Jonathan Groves provides a comparison of captive jurisdictions and the relevant rules in some key European countries

The first table relates to captive domiciles in Europe with reference to Bermuda, Vermont and Nevada included for additional comparative purposes. Table 2 looks at the approaches taken by France, Germany, Italy, Spain and the UK. In addition, below is some additional explanation of the rules that domiciles apply in specific areas.


Asset classes vary significantly. Many captive owners want to know what types will be acceptable to regulators. This varies as to whether it is for minimum capital and solvency margin requirements or for general purposes. Typically, where the asset is being held to meet a regulatory minimum, the allowable asset type will be more restrictive.

Many captive domiciles, particularly those in the EU, will require that the minimum capital be held as cash. This means that it is held in an overnight deposit account, general bank account or similar such arrangement. Further, in order to reduce the counterparty risk, they will require that accounts exist with several such banks, for example at least three. However, offshore domiciles tend to be flexible in this regard and this can help reduce the administrative burden of operating several accounts.

For assets held above the regulatory minimums, the choice of assets widens. This would include equities and bonds, investment trusts and the like. Also, loan arrangements may be made back to the parent. This latter category invariably requires the approval of the regulator. Other assets classes may also be permissible. These can include property, receivables, debt and the like.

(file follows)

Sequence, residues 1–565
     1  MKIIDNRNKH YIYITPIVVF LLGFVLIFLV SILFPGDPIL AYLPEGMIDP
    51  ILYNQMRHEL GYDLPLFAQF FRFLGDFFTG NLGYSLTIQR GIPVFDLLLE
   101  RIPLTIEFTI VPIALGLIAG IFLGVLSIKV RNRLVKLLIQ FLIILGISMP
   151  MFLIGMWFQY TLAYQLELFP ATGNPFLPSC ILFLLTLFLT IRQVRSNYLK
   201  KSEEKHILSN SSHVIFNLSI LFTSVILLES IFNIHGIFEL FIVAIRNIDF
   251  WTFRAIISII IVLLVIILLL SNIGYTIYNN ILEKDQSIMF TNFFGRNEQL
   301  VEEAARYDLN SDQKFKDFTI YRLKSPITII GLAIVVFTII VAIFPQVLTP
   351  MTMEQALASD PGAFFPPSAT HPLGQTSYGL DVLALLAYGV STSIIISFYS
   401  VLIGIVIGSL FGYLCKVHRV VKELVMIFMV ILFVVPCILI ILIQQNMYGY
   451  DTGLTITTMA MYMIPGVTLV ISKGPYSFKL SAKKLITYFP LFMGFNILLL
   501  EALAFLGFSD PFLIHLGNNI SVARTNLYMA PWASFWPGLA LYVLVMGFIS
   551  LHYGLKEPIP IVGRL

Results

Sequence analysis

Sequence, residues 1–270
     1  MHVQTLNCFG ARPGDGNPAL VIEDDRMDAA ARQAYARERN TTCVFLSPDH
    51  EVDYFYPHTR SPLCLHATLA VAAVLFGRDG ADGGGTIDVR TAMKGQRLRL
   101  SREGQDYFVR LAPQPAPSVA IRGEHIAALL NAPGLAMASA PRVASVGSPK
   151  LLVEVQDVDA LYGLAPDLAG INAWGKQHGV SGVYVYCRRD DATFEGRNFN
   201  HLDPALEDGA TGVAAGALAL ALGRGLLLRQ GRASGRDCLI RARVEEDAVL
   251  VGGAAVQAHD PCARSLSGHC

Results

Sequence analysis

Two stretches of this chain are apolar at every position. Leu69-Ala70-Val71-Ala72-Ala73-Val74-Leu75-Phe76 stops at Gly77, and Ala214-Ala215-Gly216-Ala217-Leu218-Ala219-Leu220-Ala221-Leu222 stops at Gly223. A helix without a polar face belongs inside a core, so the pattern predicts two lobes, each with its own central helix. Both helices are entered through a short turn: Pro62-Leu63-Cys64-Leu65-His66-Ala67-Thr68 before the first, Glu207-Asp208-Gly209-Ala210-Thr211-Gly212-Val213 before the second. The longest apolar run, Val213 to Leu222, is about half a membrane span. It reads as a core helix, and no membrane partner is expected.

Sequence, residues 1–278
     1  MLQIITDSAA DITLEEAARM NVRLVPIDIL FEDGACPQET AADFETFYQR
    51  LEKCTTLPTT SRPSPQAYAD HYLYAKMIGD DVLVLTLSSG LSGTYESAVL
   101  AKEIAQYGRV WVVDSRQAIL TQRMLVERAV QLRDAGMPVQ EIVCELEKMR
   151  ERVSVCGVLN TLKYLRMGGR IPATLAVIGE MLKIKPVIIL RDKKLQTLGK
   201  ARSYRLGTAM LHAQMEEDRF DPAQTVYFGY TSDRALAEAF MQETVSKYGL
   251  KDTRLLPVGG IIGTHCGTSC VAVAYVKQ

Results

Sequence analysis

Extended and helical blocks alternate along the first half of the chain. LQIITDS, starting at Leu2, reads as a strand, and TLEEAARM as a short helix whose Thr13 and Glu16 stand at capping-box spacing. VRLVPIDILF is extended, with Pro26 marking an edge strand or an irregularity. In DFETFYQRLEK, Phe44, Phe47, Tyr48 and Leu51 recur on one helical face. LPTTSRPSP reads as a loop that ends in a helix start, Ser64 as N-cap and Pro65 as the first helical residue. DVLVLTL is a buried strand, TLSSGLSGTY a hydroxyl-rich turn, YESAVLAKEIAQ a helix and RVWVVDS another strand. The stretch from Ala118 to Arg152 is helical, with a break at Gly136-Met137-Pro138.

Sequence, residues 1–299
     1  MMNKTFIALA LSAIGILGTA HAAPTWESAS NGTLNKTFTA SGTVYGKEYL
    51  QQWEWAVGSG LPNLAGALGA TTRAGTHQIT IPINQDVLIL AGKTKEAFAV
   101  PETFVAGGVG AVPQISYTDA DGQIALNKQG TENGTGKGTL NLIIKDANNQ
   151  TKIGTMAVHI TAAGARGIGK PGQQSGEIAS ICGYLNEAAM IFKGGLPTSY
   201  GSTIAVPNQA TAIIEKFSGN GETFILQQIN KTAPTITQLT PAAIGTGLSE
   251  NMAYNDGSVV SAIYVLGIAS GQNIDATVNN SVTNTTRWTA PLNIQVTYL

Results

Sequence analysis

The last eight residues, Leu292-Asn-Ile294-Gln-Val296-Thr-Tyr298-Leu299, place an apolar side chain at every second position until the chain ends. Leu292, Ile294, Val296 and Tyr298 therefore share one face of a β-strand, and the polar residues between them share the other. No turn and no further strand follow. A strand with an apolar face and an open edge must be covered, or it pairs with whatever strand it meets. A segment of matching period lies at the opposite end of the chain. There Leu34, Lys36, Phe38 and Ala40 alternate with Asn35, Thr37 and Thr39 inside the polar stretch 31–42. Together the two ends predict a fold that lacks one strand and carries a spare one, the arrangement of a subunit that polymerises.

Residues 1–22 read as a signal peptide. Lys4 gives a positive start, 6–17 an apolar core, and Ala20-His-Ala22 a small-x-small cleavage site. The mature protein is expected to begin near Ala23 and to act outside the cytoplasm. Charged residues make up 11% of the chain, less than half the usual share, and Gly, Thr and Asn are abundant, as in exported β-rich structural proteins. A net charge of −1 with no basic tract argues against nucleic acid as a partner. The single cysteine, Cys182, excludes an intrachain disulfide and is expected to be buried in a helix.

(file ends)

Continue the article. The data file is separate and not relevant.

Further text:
In assessing a request for alternative asset classes or at least those which are less ‘tradeable’, the regulator will always give due regard to the nature of business underwritten in the company as well as the total amount of excess capital held.

Actuarial, audit

“Balancing regulatory requirements with operational costs can be a fine balance for smaller captives.

All reputable domiciles require that a captive is audited at least once a year. This is clearly good governance. Some domiciles will allow the first audit to cover a slightly extended period. Equally, some domiciles will allow for a temporary extension on the filing of audited accounts. However, as with the main shareholder, the prompt filing of audit returns reflects a well managed company in control of its financial and risk records.

Some domiciles require that a captive have an actuarial review undertaken every year. Many limit the requirement based on the nature of business underwritten, for example general liability, professional indemnity. Balancing regulatory requirements with operational costs can therefore be a fine balance for smaller captives. Equally, it is important for captive owners to appreciate the need to be consistent in their reserving approach.

Disclosure, corporate governance, anti-money laundering

Increasingly, domiciles provide more information about the captives established in the domicile. For EU domiciles, locations such as Dublin publish detailed information about each captive which is freely available. In Luxembourg and Malta, the filed report and accounts for each captive can be obtained for a nominal fee.

For offshore domiciles, the level of public information is much reduced. In some cases, it is limited to who the immediate owner of the captive actually is. However, the level of transparency demanded of captives from a regulatory standpoint, is in high in all the major domiciles. Indeed, on-site investigations are increasingly common to determine that all records are appropriately maintained and that the captive is operating within its licence.

Many domiciles are seeking to formalise corporate governance procedures. This is occurring through ongoing risk assessments and/or the need to nominate someone with this specific responsibility. Given the scale, nature and complexity of individual captives, it is a fine balance between introducing an effective, business improving process and an additional bureaucratic hurdle.